In a final step, we differentiate in our analysis on the extensive margin whether firms are of large (more than 800 employees) or of small size. The results for small (Table 9) versus big firms (Table 10) provide for some unexpected findings. While we theoretically expected big firms to be able to better reap the gains from CAFTA-DR, it is the small firms that seem to benefit at the extensive margin instead. The positive effect for the interaction effect in Table 9 indicates that with CAFTA-DR entering into force smaller firms were able to export more products to the US. In contrast, the results in Table 10 show that larger firms, in contrast, even display a decrease in the number of products for most years though not on average as Model (7) shows.12
Table 9

Extensive margin within firm number of products (fixed effects linear regression) for small firms

 

(1)

(2)

(3)

(4)

(5)

(6)

(7)

2009

2010

2011

2012

2013

2014

Averages

US

1.00***

7.56***

1.50***

1.00***

1.00***

5.92***

1.00***

(0.000)

(2.745)

(0.198)

(0.000)

(0.000)

(0.664)

(0.000)

CAFTA year

−0.12

−0.30

−0.37*

−0.13

−0.12

−0.27

−0.96***

(0.108)

(0.301)

(0.197)

(0.160)

(0.199)

(0.323)

(0.132)

CAFTA*US

0.34***

1.52***

1.05***

1.43***

1.14***

1.45***

0.63***

(0.097)

(0.191)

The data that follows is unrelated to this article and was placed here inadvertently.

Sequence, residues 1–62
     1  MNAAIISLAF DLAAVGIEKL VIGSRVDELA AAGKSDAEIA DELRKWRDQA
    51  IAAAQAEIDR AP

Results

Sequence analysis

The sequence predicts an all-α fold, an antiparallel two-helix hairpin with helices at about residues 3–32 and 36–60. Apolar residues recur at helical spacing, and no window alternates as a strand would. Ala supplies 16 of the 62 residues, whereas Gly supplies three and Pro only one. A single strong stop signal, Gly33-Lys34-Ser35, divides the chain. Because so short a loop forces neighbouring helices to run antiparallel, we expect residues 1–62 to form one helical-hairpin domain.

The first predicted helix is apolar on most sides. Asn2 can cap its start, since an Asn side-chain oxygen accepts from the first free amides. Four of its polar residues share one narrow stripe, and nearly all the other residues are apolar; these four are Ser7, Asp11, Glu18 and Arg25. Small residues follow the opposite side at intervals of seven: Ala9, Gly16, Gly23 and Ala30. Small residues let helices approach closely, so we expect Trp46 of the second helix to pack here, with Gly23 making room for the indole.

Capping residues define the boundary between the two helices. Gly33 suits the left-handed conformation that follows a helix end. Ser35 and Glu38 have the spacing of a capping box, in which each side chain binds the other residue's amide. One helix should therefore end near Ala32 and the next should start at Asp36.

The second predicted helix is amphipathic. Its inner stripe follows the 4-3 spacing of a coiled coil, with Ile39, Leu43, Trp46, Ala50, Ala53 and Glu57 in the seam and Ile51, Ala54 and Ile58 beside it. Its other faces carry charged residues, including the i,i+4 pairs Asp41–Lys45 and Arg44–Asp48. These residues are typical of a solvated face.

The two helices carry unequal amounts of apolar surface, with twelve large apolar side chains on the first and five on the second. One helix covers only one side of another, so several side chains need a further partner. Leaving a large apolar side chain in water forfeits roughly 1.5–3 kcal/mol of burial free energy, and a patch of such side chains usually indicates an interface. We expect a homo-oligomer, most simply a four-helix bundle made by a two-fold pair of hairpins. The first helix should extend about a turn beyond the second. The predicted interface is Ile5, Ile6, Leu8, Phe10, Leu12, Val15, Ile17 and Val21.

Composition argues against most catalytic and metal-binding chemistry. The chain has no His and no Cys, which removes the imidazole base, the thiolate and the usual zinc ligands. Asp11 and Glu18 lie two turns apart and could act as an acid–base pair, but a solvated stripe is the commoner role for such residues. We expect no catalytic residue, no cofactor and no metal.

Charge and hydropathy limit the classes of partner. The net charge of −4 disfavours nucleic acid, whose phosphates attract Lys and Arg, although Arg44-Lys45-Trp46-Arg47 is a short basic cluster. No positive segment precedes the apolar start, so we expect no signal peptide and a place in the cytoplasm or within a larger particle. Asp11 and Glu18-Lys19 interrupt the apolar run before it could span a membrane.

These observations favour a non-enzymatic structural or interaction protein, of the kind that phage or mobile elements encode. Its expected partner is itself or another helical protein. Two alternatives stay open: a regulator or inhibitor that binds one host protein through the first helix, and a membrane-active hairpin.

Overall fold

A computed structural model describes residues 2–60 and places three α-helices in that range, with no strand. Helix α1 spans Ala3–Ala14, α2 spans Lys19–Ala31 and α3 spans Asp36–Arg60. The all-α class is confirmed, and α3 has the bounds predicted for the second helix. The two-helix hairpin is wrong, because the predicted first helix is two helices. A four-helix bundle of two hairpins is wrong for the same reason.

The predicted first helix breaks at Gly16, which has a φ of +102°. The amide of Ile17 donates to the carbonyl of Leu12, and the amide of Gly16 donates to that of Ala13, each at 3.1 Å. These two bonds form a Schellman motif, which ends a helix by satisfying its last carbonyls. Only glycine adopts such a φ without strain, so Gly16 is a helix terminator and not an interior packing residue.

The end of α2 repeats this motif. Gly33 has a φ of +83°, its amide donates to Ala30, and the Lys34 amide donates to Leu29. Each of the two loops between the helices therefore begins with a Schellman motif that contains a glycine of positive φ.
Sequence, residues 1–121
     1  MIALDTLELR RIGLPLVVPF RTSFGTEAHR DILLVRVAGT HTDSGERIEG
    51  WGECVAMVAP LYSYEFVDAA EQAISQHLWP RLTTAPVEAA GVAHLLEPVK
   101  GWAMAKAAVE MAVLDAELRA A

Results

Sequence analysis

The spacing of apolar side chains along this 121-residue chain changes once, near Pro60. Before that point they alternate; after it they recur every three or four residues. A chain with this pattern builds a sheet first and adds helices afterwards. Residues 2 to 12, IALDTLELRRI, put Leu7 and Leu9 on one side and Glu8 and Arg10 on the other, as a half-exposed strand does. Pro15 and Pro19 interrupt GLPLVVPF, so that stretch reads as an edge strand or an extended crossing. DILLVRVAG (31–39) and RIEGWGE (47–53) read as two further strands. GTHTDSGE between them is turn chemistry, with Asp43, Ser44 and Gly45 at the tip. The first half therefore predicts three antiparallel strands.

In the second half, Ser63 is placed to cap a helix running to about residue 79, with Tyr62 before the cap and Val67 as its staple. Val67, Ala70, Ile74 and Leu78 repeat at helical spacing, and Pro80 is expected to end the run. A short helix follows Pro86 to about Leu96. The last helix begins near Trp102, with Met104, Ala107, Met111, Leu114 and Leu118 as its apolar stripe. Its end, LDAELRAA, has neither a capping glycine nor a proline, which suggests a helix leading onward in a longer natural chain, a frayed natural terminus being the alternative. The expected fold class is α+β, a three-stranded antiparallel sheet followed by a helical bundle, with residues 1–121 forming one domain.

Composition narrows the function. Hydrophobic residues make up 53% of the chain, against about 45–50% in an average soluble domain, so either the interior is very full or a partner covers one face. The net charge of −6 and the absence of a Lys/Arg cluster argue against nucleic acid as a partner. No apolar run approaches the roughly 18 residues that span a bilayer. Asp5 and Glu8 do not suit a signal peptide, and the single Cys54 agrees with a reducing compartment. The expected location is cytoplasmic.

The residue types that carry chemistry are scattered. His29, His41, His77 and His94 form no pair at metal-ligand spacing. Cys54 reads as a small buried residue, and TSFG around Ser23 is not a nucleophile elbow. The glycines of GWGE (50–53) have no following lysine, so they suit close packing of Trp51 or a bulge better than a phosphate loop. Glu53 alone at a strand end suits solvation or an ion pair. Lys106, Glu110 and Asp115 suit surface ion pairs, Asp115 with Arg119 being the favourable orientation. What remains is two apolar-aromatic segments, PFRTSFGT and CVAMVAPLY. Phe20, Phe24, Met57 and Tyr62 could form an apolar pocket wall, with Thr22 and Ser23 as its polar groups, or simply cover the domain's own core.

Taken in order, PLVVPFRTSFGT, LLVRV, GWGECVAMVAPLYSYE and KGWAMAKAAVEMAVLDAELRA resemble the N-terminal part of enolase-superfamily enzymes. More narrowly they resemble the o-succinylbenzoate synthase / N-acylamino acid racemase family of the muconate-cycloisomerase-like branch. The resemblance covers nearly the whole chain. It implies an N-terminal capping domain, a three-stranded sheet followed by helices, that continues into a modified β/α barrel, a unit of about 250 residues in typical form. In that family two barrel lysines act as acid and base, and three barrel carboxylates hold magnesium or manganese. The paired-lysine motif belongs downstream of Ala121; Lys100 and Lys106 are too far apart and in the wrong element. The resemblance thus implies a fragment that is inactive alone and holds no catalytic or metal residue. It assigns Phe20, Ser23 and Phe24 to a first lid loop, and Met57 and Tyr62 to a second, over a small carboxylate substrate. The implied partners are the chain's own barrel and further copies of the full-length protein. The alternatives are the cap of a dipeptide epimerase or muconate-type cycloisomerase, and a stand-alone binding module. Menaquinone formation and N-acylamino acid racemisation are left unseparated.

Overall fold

(0.128)

(0.170)

(0.193)

(0.239)

(0.112)

Constant

5.82***

7.56**

21.95***

4.85***

8.17***

2.24

5.08***

(1.221)

(3.337)

(5.943)

(1.160)

(1.523)

(1.463)

(1.143)

Country fixed effects

yes

yes

yes

yes

yes

yes

yes

Firm fixed effects

yes

yes

yes

yes

yes

yes

yes

Observations

7620

7870

7631

7531

7406

7197

7620

R2

0.52

0.53

0.55

0.50

0.55

0.50

0.58

Robust standard errors in parentheses clustered at country level; *** p < 0.01, ** p < 0.05, * p < 0.1

Table 10

Extensive margin within firm number of products (fixed effects linear regression) for big firms

 

(1)

(2)

(3)

(4)

(5)

(6)

(7)

2009

2010

2011

2012

2013

2014

Averages

US

0.01

0.35***

2.46***

1.11**

0.43***

0.39***

−0.39***

(0.039)

(0.021)

(0.555)

(0.427)

(0.025)

(0.031)

(0.043)

CAFTA year

−0.17***

−0.23***

−0.23***

−0.22***

−0.23***

−0.18***

−0.08**

(0.040)

(0.034)

(0.038)

(0.029)

(0.032)

(0.051)

(0.034)

CAFTA*US

0.08

−0.23***

−0.37***

−0.12***

−0.31***

−0.30***

0.43***

(0.053)

(0.037)

(0.041)

(0.032)

(0.037)

(0.054)

(0.054)

Constant

5.79***

5.41***

3.24***

4.61***

5.25***

5.30***

6.14***

(0.293)

(0.289)

(0.342)

(0.587)

(0.213)

(0.194)

(0.280)

Country fixed effects

yes

yes

yes

yes

yes

yes

yes

Firm fixed effects

yes

yes

yes

yes

yes

yes

yes

Observations

13,612

14,354

15,394

16,252

17,037

17,844

13,612

R2

0.20

0.15

0.17

0.16

0.16

0.14

0.19

Robust standard errors in parentheses clustered at country level; *** p < 0.01, ** p < 0.05, * p < 0.1

3.5 Analysis of firm level intensive margin